Hugh Jackman Reveals His Most “Life-Changing” Travel Experience

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It seems like everything Hugh Jackman touches turns to gold. He has a successful movie career, happy marriage, and even won a Tony for his Broadway performance. So, when he decided to tackle the coffee business, you knew it was going to be successful.

The “Wolverine” star launched Laughing Man Coffee in 2011 as “social entrepreneurship” program where the company’s profits would go back to the coffee farmer communities. Plus, Australian-born Jackman knows a good cup of coffee.

This year, at SXSW, he announced the company was making a renewed commitment to the advancement of coffee growing communities around the world by doubling charitable donations this spring. I was lucky to chat with him about the charitable pursuit, his thoughts on the coffee business, and passion for travel.

Q: So, what’s happening with Laughing Man Coffee these days?

A: Well, what is really exciting and new is that we are the first brand to have fully recyclable pods in the United States.  That is something many consumers have wanted for a long time. I also think we have the great trifecta going in that we are fair-trade, now recyclable, and I am giving all of my profits back to the foundation. It’s taken a while for us to get a non-profit to be meaningful really. But we just completed about 100 projects, 40 kids are going to college, we have fixed roofs, houses, schools, irrigation systems, lots of stuff and of course, last October I visited the co-op that we are starting with down in Columbia.

Q: Did you ever see yourself getting into the coffee business?

A: Nope! I saw myself drinking coffee for the rest of my life. About 15 years ago, I developed an idea of starting a social business. I was very inspired by Paul Newman and then I got to meet Muhammad Yunus, who won the Nobel Peace Prize for his work on micro-finance. It struck me that rather than just attaching my name as an ambassador or patron, it would be better to create something that lived on long after I was gone. If your underlying goal is to have a business that does good on every level, it’s really rewarding when it starts kicking.

Q: You’ve talked a lot about social entrepreneurship. Why is that important to you?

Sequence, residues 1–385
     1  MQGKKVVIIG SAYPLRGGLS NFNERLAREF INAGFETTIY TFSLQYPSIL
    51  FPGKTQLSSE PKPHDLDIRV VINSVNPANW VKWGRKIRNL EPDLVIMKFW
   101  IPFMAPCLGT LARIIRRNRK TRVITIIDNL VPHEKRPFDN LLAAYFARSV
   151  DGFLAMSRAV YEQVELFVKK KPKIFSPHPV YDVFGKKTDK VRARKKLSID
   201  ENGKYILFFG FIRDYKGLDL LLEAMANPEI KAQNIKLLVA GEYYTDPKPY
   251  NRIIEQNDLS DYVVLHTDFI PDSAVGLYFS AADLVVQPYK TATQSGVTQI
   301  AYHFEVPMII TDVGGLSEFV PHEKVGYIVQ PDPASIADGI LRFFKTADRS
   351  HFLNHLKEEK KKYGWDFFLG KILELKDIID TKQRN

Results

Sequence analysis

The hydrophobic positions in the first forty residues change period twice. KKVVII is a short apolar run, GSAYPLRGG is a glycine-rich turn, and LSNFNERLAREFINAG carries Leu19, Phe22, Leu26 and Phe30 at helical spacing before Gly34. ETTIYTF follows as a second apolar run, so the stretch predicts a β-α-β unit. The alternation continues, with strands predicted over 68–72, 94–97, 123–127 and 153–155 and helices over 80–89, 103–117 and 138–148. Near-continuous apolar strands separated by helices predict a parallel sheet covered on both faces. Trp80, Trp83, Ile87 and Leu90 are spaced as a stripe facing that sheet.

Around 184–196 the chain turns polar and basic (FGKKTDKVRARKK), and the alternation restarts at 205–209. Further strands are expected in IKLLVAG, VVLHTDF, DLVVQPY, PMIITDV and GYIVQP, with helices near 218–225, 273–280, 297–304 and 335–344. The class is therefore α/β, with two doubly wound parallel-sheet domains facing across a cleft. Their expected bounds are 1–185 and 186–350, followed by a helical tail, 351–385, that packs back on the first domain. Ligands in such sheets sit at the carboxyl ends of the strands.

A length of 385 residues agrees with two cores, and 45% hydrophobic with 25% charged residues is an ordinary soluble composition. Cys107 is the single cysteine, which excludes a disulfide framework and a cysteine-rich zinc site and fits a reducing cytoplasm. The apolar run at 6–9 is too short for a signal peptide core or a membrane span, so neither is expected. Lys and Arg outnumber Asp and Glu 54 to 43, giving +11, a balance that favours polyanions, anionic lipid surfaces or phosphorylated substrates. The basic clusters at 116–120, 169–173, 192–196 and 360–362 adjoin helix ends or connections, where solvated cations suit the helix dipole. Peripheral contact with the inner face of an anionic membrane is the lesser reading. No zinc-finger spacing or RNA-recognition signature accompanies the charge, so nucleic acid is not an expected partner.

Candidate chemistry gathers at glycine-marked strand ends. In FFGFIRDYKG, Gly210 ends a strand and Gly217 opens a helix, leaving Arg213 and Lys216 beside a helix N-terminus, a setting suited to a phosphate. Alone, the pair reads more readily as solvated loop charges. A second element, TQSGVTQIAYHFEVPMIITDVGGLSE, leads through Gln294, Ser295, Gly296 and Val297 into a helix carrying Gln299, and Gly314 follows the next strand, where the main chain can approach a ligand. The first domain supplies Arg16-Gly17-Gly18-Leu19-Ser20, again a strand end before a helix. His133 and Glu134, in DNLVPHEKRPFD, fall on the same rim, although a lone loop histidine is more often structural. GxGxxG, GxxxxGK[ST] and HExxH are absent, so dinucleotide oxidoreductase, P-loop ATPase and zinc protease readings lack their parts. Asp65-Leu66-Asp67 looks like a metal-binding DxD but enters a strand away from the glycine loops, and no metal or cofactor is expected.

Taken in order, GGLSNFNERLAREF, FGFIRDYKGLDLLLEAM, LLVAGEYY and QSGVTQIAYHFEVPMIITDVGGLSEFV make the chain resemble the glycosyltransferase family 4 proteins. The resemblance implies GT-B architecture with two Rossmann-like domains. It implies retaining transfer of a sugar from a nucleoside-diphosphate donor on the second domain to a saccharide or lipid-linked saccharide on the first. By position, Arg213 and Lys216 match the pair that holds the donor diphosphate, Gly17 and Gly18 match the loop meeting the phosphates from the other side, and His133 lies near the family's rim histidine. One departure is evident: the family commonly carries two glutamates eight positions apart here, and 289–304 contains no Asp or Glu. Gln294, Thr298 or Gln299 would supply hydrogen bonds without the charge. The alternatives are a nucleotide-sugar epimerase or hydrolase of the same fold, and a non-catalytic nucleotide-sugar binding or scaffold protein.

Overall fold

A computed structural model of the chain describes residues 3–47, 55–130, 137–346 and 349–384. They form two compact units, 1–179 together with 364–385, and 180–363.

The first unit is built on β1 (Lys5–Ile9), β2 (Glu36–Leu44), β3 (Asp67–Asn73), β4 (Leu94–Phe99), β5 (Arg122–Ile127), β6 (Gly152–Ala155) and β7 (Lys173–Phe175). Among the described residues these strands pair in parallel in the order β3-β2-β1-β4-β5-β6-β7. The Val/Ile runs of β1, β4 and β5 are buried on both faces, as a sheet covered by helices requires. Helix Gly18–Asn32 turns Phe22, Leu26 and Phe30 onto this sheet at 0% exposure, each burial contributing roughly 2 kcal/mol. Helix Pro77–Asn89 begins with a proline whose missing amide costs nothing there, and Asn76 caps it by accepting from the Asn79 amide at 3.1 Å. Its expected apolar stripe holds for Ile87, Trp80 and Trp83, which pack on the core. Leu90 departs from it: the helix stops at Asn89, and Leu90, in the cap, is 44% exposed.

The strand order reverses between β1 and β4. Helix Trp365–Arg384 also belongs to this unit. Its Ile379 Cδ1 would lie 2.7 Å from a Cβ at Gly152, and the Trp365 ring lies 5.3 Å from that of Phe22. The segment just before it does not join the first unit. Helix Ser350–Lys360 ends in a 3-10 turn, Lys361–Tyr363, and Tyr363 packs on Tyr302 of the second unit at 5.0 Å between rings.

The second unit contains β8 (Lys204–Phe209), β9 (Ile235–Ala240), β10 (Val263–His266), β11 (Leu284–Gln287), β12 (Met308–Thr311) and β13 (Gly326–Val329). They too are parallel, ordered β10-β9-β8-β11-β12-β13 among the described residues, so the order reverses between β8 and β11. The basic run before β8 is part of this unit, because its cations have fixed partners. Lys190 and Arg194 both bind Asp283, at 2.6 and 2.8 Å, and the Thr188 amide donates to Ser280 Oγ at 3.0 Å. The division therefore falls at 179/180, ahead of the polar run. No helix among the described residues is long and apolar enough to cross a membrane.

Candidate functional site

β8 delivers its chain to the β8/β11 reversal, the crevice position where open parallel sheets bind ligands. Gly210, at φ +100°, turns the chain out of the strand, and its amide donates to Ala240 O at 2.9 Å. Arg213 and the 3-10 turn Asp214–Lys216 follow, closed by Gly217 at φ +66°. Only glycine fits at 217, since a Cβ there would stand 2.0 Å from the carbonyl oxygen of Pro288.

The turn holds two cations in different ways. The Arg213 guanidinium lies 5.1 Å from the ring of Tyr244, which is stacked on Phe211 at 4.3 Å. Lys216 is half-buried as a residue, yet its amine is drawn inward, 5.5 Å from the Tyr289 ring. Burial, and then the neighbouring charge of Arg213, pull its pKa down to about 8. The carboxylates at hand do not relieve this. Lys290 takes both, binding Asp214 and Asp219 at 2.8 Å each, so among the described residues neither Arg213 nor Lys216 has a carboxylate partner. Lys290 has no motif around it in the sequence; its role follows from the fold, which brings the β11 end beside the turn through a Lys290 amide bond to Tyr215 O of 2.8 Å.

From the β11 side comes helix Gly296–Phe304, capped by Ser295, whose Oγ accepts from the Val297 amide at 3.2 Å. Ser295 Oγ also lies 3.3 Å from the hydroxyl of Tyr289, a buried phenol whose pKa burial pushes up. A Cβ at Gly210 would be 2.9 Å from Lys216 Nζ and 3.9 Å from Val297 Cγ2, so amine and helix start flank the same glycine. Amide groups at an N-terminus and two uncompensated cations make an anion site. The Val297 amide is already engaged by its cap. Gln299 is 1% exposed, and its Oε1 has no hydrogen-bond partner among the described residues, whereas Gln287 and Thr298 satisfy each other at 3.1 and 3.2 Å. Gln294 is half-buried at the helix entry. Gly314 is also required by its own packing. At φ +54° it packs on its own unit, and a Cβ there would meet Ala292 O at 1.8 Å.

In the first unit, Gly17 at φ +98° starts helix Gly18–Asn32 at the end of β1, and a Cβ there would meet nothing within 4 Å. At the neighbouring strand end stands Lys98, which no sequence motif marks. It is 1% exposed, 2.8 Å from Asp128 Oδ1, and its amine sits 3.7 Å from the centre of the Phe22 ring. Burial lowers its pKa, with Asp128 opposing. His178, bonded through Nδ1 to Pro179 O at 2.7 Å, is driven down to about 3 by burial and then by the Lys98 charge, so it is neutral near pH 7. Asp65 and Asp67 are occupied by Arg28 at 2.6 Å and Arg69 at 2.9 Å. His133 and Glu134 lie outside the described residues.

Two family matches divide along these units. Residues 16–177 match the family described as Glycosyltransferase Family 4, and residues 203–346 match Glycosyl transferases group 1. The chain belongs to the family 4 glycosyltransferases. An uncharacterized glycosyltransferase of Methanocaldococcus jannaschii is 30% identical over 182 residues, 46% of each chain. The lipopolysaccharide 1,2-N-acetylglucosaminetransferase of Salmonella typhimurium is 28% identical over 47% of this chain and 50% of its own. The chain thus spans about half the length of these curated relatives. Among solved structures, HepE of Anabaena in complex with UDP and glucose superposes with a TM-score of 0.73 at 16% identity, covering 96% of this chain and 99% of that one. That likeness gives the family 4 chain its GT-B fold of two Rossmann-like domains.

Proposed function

A: I don’t think that anyone could argue that the idea of giving back is important. We take for granted what I had when I was growing up in Australia. I had free education, free health, clean drinking water, many things that others don’t have. First of all, you have a business with good intentions of giving back. Then, no one is drinking coffee they don’t like, right? So, we create a good cup of coffee. And I say that as a coffee snob.

 Q: Well, you are an Aussie!

A: Yeah, exactly!

Q: This whole business was sparked by a trip to Ethiopia with your wife. Are you often inspired by your travels?

A: Yeah. Always. I think particularly we have taken our kids on some of these trips, and it helps them understand, and Deb and I, understand what’s happening in other parts of the world.

Q: Is travel something that is important to you and your family?

A: My kids have been traveling since they were young. They are the opposite of me. When we were like, I think we are going to stay at home this winter; they are like yeah! When I was growing up, honestly, I had a map of the world next to my bed, so I used to literally dream of places I was going to go. So, they have a slightly different perspective. I think maybe we have traveled them a bit too much. But for Deb and I, travel has always been inspiring and certainly opens your field of vision in many ways.

Q: Were there any poignant moments in your travels that has really shaped you as a person?

A: Yes! Going to the Outback of Australia when I was 18. I spent three months living and working in two indigenous communities there, who I am still in touch with. That was very life changing for me. I was a Sydney boy. I lived in pretty much an urban/suburban lifestyle, quite sheltered. I had never been to the Outback, I had never really interacted at all with indigenous Australians until that trip, and that was hugely life-changing for me.

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